The weekend before last, a line of cars heading up Boulder Canyon slowed suddenly when drivers noticed a person standing in mid-air between two buttresses on the south side of the canyon. Some of the vehicles pulled over to make sure they were seeing what they thought they were seeing.
A closer look showed a man walking across a slackline anchored in the rock on either side, at least 50 feet above the ground, swaying as slowly, carefully, the man moved step by step over the gulch. At one point he wavered, his outstretched arms windmilling as he fought for balance. The group of spectators on the side of the canyon gasped as the high line walker rolled off the line and was soon dangling from his safety belt attached to his body.
It is not a sport for height fearers or the faint of heart, but it has gained in popularity, moving from slacklines a few feet off the ground to the high lines in the mountains.
With high tech safety equipment, there is limited danger if all protection gear is used. The most danger occurs on the highway as rubberneckers slow down suddenly or even pull over without warning, inviting a rear-end collision.
Many of the highlines are set up further down Boulder Canyon. The most recent one was right after Boulder Falls, in an area owned by National Forest Service, as well as Boulder County and the City of Boulder.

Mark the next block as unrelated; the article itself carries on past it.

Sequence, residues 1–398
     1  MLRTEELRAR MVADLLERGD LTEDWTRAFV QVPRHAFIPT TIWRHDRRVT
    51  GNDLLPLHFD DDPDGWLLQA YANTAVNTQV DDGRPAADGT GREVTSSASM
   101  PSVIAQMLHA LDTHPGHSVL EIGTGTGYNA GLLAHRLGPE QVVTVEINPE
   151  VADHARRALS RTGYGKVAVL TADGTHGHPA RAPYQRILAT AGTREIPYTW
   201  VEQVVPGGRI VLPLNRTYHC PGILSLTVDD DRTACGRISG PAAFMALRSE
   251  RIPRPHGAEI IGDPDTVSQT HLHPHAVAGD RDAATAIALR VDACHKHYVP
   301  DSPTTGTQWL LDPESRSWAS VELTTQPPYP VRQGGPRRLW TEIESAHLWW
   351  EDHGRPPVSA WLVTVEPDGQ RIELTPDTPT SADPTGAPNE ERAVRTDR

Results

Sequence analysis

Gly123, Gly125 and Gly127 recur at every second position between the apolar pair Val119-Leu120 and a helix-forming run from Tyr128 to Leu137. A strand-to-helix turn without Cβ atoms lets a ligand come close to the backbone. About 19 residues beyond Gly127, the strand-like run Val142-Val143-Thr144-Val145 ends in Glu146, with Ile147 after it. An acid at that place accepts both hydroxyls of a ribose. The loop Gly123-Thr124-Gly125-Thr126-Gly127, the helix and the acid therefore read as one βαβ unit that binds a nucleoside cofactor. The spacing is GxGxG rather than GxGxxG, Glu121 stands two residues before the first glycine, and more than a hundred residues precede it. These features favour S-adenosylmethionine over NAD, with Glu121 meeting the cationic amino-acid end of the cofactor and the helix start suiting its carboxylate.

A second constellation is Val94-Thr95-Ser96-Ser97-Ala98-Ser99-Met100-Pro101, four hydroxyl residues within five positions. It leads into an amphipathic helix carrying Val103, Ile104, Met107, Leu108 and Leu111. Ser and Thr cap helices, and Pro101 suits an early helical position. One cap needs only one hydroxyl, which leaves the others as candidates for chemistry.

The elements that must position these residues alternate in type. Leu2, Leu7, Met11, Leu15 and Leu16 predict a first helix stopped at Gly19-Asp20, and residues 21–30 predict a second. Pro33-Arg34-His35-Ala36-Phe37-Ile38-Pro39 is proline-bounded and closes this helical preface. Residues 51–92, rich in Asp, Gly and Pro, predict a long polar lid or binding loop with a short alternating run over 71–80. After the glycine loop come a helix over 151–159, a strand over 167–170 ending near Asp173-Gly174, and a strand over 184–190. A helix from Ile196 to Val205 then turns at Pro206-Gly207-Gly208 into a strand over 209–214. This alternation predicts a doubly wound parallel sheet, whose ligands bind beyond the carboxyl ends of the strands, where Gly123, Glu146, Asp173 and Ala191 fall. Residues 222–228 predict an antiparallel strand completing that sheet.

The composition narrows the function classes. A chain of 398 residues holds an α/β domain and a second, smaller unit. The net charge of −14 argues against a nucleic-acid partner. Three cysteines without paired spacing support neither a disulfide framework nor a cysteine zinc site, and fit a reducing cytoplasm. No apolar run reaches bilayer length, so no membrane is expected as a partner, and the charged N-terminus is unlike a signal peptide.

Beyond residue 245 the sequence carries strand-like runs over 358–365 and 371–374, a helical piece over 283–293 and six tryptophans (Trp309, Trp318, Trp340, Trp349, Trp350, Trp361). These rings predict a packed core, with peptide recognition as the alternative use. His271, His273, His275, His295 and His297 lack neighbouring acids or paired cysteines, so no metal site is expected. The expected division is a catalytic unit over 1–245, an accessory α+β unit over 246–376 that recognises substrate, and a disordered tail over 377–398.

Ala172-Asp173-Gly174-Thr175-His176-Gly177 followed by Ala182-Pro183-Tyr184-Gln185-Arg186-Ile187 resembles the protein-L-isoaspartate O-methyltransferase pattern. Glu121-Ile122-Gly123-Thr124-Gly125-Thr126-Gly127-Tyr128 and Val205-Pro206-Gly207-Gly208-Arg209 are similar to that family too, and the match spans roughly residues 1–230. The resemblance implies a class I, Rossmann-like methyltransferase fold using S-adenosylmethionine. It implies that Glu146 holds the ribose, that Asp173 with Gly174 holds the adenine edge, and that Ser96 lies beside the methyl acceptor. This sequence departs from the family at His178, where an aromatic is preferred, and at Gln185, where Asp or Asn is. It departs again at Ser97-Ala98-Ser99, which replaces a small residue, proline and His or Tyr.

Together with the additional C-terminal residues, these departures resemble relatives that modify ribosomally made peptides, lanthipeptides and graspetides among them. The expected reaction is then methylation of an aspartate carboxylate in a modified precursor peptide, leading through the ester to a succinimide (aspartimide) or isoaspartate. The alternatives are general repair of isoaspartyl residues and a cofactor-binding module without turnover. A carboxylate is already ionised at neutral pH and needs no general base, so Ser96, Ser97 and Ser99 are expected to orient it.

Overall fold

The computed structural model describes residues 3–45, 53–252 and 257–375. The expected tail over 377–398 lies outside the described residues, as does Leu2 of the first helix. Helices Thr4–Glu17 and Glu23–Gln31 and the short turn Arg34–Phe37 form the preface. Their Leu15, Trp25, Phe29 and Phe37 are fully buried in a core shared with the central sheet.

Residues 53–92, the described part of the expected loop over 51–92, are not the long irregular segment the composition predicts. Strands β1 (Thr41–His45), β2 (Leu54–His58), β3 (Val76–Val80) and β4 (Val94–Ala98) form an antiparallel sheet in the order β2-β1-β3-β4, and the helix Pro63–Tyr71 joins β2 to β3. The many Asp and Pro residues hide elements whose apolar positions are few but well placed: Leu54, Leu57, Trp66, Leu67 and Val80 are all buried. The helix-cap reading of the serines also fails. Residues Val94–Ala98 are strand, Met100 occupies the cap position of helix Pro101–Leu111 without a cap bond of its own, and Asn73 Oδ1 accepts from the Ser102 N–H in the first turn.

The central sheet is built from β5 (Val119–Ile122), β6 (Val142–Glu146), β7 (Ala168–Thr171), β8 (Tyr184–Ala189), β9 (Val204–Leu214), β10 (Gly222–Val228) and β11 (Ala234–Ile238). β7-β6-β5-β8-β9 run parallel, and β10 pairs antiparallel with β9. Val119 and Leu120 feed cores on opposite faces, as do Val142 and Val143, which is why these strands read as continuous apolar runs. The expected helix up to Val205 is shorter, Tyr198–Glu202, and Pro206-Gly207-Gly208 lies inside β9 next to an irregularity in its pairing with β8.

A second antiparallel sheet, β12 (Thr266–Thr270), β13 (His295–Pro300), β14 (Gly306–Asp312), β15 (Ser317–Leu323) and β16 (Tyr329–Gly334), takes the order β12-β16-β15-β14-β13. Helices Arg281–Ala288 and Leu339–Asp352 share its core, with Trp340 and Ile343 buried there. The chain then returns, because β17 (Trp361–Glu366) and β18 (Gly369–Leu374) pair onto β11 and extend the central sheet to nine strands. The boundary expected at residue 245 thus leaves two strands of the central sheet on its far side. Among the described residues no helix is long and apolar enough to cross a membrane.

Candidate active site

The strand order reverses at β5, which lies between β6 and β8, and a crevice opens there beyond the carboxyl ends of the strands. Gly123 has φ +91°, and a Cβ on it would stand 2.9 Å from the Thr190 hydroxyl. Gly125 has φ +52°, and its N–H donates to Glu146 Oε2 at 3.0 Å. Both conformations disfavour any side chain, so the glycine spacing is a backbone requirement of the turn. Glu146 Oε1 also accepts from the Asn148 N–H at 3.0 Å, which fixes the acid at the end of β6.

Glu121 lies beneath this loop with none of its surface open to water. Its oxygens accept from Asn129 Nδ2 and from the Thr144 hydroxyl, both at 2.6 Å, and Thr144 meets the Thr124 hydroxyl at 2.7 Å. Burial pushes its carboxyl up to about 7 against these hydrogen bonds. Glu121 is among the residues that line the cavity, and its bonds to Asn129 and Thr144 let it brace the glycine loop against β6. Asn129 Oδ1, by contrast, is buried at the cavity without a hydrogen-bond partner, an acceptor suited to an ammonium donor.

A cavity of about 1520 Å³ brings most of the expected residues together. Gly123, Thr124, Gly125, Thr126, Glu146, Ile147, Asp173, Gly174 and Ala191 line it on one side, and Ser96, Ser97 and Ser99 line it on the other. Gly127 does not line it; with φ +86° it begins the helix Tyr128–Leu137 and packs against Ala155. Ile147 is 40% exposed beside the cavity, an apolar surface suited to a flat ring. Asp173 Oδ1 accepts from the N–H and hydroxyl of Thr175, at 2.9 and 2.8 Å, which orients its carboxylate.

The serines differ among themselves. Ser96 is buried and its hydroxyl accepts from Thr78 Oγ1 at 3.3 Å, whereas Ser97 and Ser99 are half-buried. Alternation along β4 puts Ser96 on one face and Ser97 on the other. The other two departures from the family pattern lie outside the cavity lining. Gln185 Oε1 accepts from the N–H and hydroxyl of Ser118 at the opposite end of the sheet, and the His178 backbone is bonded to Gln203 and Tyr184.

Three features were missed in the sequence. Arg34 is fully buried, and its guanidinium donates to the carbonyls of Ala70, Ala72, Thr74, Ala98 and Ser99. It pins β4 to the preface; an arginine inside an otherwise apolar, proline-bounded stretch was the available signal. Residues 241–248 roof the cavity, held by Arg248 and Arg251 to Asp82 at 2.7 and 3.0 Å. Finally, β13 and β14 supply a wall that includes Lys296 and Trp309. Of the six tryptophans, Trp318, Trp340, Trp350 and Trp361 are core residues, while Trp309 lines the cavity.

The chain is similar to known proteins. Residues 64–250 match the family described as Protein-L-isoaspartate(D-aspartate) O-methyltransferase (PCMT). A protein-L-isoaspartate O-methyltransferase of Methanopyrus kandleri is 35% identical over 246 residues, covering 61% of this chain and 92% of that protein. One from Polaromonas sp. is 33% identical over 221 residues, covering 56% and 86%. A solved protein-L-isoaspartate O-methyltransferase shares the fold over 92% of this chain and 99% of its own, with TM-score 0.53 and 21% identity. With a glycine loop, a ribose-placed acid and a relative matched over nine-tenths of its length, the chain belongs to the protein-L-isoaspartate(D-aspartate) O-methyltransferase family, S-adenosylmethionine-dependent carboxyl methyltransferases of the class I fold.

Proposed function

Boulder County rules and regulations do not specifically prohibit slacklining. However, if the slackline is established in a way that it damages or defaces vegetation, geological features or cultural artifacts, it would be prohibited and the people involved could be fined up to $300.
Also, USFS has the discretion to enforce a disorderly conduct regulation if the activity is deemed to be unsafe to the participant or other visitors. The fine for this is $150.
It is an amazing feat to watch, but canyon drivers should be aware of the parking regulations along the road and give ample warning before pulling off the highway.